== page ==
Higher Education. Linking Research, Policy and Practice investigates and discusses a diverse range of topical themes in the broad field of Higher Education, such as: trends in strategic management and governance, new insights in (digital) teaching and learning methods, sustainable HR policy, research excellence, third mission policy, or renewed approaches to transnational cooperation and internationalisation. The books in this series form a unique compilation of selected papers presented at the yearly EAIR-forum, which is an international association for higher education researchers, practitioners, students, managers and policy-makers. Herewith the books not only bring together a range of well-selected topical papers, but also a diversity of perspectives: scientific investigations of reputed scholars, critical evidence-based papers of third space professionals, and/or policymakers’ perspectives on the daily practice and management of higher education institutions and systems. In line with the history of EAIR, the series aims to cross boundaries between types of activities and seeks to cater for a mix of contributors.
Epistemological Disjunctivism ( ed ) is the view, championed by Duncan Pritchard (2012) , that when one has paradigmatic perceptual knowledge that P, one’s epistemic support for believing P is constituted by S’s factive state of seeing that P. It is an alleged virtue of ed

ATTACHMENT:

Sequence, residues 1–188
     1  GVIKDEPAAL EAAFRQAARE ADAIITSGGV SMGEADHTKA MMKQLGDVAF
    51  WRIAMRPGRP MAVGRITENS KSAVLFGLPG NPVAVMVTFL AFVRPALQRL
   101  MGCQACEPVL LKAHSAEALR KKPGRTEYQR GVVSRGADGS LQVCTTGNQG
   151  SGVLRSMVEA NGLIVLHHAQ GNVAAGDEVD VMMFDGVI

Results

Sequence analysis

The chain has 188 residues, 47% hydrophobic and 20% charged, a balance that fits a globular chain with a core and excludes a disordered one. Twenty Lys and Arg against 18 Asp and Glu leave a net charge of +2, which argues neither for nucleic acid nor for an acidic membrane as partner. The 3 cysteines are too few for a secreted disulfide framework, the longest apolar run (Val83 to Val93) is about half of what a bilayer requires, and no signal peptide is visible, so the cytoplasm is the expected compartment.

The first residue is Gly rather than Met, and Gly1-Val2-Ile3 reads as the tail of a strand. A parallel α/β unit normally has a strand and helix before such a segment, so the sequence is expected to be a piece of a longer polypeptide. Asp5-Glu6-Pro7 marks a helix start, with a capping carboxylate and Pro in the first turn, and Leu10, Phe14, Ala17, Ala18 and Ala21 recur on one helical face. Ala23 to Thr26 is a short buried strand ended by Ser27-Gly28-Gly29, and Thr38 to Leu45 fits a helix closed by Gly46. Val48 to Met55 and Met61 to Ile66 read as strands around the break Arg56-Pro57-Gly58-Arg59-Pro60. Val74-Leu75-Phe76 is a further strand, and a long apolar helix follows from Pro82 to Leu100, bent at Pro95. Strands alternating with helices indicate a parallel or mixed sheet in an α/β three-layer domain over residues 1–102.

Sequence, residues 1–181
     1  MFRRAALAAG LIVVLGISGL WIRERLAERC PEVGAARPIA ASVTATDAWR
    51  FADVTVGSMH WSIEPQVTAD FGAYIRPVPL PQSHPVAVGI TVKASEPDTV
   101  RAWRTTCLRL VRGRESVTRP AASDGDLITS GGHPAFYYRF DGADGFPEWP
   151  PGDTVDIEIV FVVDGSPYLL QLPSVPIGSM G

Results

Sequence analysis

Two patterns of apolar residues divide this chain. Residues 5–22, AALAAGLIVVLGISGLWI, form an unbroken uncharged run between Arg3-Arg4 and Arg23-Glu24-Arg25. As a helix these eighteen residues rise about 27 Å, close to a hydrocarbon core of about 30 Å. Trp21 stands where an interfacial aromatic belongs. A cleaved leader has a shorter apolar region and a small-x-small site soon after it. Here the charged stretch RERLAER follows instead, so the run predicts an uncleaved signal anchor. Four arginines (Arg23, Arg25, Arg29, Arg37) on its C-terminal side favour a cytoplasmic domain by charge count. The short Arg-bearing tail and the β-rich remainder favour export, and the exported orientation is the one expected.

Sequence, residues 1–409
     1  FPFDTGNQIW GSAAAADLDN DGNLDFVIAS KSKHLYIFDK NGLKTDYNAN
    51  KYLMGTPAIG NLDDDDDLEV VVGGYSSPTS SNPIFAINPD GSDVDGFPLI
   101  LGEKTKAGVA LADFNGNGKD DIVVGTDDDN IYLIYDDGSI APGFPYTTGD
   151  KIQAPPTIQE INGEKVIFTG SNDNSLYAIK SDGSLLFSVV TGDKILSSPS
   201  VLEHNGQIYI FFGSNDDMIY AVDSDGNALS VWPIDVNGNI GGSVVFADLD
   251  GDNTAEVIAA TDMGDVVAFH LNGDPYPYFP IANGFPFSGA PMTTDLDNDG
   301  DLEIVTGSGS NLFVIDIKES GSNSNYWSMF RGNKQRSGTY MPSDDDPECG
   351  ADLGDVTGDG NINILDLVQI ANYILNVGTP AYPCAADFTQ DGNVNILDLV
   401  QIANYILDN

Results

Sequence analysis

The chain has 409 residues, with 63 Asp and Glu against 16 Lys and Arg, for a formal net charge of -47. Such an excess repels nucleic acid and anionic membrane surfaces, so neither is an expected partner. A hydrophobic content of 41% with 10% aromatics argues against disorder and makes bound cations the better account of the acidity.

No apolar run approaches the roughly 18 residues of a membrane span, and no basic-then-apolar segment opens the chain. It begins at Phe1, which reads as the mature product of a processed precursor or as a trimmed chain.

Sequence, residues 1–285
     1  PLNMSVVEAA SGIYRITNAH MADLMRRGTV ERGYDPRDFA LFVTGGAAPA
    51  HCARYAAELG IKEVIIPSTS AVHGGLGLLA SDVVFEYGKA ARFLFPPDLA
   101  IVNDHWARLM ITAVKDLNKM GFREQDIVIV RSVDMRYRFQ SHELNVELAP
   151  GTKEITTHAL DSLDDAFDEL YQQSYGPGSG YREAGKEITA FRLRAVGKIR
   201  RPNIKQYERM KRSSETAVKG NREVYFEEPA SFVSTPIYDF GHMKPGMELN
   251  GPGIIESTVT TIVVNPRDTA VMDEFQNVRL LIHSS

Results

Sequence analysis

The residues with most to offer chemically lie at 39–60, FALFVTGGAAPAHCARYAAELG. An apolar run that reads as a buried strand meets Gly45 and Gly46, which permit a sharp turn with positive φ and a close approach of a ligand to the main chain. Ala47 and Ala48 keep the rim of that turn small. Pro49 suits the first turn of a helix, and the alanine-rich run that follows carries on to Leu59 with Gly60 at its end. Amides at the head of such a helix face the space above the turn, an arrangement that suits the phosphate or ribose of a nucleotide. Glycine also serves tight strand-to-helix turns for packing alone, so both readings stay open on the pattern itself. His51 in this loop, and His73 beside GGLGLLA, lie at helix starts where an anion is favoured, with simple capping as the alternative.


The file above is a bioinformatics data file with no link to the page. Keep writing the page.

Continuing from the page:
As the first international journal entirely devoted to philosophical skepticism, the
International Journal for the Study of Skepticism publishes high-quality articles and discussion notes on any field of research relevant to the study of skeptical thought. The journal also contains critical notices and reviews of major books on skepticism, and organizes book symposia on recent ground-breaking works. On occasion, it publishes special issues devoted to current lively debates on specific topics or authors.
The wide range of areas covered includes the history and significance of ancient, medieval, modern, and contemporary skepticism as well as discussions of current specific skeptical problems and arguments in epistemology, metaethics, ontology, philosophy of religion, philosophy of mind, and philosophy of language. The journal is fully committed to the highest standards of clarity and rigor, and serves as a forum for debate and exchange of ideas among leading international philosophers and scholars. It solicits contributions from contemporary philosophers working in a variety of methods and traditions, including both analytic and continental philosophy, as well as contributions from philosophers and scholars working out of the history of philosophy. It thus brings together cutting-edge contemporary discussion of issues related to skepticism and serious historical scholarship on this subject.